Tag Archives: US embassy in Jerusalem


BLOG 378 January 15, 2018

On December 6, President Donald Trump crossed the diplomatic Rubicon by declaring Jerusalem to be the capital of the Jewish state and shutting the door on Palestinians claims. Of course, this action flew in the face of the Vatican and virtually every other country in the world. The Muslim Arab world responded as expected. Turkish President Recep Erdogan called Trump “a partner in bloodshed.”  The Hamas leader said the move reflected contempt for Palestinians feelings and holy sites. The condemnations went on and on.

What do these response mean?

An analysis in  the December The Jerusalem Post has proven to be true. Ben Lynfield noted that the Palestinians will not get a strong response from Arab states. The bitter reality for them is that key countries like Saudi Arabia, Egypt, and Jordan are simply too dependent on the USA to get into a fight with the Trump administration. Cairo, Riyadh, and Amman will make no more than make accusatory verbal responses and then wait for the reaction of the street protesters to fade. The “sleeper” is Iran and concern for how to handle their current aggression. However, French President Emmanuel Macron said Trump’s action was dangerous to peace, defied international law, and would cause instability.

Gabriel Ben-Dor, a Middle East expert at the University of Haifa said, “The moderate Arab states will understand this is a compromise for Trump between his commitments and the practical realities. They’ll protest verbally, but that’s all.”

Critics will say that Trump’s move was personal, trying to divert attention from the multitude of personal scandals facing the White House. However, in his speech to the United Nations, Trump parted ways with the global idealism of all previous presidents back to George W. Brush.  American isolationists applaud such efforts while nations in the Middle East cringe in apprehension. Of course, Trump made this effort a campaign promise, but was he just dodging another bullet? Hard to say.

The crunch will come when (and if) the embassy is actually moved.

Trump’s response to this upheaval came on January 2, 2018 when he warned the Palestinians that he might cut off all assistance if they don’t show interest in making peace with Israel. Trump’s speeches and tweets are always a challenge to decipher as it is not clear what he means and the fact that the next day Trump may change his mind. United Nations Ambassador Nikki Haley clarified that Trump considered stopping additional funding until the Palestinians agree to come back to the negotiation table.

What’s next? Who knows!

Stay tuned.

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Blog 328 December 5, 2016


            During the last two blogs, I’ve been evaluating attitudes and what is possibly ahead with the election of Donald Trump as the president-elect. With his hostility toward Alex Baldwin’s comic portrayals on Saturday Night Live, Trump appears to be as thin-skinned as projected earlier. However, the impact of changing administrations on the world is no laughing matter.

Obviously, Syria, Egypt, Russia, China, as well as Iran are considering the same questions. Iran has certainly taken Trump’s campaign rhetoric seriously. Within hours of his acceptance of the position, Iran demanded that the U.S. maintain what had been negotiated. The nuclear issue has to be at the top of the list in worries and considerations.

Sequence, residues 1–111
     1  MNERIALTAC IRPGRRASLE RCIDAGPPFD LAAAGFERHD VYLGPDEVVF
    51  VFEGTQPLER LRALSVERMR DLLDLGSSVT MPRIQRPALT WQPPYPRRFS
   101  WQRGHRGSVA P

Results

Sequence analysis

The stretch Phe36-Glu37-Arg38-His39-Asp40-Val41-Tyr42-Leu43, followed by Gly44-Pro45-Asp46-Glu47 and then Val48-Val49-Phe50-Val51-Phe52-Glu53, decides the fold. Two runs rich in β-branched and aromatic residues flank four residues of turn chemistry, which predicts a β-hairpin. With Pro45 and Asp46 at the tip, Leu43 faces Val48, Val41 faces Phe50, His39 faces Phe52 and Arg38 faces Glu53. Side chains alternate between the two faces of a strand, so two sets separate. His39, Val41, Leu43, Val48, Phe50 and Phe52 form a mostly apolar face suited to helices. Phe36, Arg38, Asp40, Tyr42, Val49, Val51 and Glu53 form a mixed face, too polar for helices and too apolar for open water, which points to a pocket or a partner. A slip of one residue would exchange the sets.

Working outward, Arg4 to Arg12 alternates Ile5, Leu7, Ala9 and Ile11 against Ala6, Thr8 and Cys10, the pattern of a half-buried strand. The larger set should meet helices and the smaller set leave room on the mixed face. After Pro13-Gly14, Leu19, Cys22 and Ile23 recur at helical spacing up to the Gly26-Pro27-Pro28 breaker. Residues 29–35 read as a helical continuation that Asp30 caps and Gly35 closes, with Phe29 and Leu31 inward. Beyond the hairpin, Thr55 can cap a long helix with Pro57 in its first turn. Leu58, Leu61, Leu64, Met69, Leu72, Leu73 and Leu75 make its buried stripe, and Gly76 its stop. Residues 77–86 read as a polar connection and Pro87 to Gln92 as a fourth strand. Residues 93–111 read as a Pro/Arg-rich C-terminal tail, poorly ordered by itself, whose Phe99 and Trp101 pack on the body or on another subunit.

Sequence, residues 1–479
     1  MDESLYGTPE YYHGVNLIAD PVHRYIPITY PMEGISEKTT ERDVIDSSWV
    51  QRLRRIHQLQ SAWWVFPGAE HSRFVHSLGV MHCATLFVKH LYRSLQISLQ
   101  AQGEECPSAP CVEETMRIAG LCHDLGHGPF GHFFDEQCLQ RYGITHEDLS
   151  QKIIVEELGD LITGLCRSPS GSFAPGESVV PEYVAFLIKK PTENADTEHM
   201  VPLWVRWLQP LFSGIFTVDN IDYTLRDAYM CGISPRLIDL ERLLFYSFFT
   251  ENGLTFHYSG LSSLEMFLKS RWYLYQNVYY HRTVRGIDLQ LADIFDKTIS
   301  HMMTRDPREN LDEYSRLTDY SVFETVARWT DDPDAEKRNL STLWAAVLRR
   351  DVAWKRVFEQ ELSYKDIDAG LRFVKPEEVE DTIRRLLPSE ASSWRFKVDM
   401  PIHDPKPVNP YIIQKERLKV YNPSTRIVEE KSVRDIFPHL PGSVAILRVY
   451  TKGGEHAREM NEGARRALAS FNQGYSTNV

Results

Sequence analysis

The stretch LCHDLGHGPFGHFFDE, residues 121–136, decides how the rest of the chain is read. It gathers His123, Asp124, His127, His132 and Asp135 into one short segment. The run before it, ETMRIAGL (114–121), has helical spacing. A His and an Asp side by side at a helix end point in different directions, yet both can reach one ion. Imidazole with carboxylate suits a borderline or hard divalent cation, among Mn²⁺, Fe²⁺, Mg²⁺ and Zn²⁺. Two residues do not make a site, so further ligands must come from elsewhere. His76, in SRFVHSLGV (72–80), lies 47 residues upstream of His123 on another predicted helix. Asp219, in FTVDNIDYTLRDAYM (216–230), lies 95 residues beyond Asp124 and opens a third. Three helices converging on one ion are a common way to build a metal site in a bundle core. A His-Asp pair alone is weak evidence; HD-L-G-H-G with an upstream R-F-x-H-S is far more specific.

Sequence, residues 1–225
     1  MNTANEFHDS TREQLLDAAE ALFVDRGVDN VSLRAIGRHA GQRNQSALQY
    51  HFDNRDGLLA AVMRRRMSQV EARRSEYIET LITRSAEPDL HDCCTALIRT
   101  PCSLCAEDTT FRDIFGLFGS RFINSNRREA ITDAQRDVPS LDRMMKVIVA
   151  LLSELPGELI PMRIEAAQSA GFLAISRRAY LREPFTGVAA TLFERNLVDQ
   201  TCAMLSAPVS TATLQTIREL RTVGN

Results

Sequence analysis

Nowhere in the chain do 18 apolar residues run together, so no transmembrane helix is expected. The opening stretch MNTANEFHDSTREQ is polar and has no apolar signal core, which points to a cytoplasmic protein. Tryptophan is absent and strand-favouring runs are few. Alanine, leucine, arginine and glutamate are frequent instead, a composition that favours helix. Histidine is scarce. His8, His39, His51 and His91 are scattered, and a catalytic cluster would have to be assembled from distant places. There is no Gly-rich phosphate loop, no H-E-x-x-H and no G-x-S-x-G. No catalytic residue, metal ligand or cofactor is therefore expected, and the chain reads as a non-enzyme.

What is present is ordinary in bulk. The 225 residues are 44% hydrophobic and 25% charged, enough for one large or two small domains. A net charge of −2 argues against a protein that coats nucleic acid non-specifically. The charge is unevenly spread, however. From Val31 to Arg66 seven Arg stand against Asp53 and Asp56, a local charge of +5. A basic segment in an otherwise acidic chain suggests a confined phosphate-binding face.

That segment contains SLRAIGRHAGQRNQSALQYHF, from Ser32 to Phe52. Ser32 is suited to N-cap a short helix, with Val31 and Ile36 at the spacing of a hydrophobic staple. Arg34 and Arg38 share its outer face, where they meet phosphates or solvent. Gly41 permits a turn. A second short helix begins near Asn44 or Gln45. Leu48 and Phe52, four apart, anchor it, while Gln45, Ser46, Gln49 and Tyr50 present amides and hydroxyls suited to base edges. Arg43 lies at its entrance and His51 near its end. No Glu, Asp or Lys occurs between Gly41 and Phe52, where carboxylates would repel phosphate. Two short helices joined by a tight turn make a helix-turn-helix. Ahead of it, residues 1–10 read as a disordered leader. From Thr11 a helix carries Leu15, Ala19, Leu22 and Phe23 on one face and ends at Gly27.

One of the largest open military secrets in the world is Israel’s nuclear weapons program. Even in the late ‘60s, the Pentagon was more than a little agitated about might be ahead. The National Security Archive at George Washington University recently released documents concerning the tension within the Nixon administration over Israel’s possession of nuclear weapons. A memo was sent to Melvin Laird (then Secretary of Defense) from Pentagon officials and Secretary of State Henry Kissinger warning Israel’s nuclear capacity could destabilize the region. It is still not clear why President Nixon did not follow these advisers.

In this past election, the Republican Party has again revised the script. In their platform no mention was made of a two-state solution between Israel and the Palestinians. They declared Israel was not occupying Judea and Samaria. Trump has already declared he would move the U.S. Embassy to Jerusalem. Trump appears willing to end any US conflicts with Israel over the Iran nuclear deal and how West Bank settlements should be handled.

A new start indeed!

What can the public expect? First, Trump will have far more freedom to do as he pleases on these issues with a Republican controlled House and Senate. He holds all the cards. Second, a right-wing government in America will be able to function more in accord with a right-wing government in Israel. Expect open hostility to end. Third, Palestinian diplomatic warfare against Israel will be stymied. Israel is clearly in the driver’s seat again. Possibly, the threat from Iran may be decreased (note the word possibly). The hot rhetoric always continues for the home-town crowd, but genuine actions probably will be on the way down.

The Israeli left-wing has consistently declared that the state’s rule in the West Bank is a threat to the country’s future. Trump’s presidency will be a blow to this position within Israel. Israel won’t be backing off.

And Israel’s secret (which everybody knows) nuclear program will continue. THE BOMB remains a looming threat. Hmm. Interesting.

Stay tuned.

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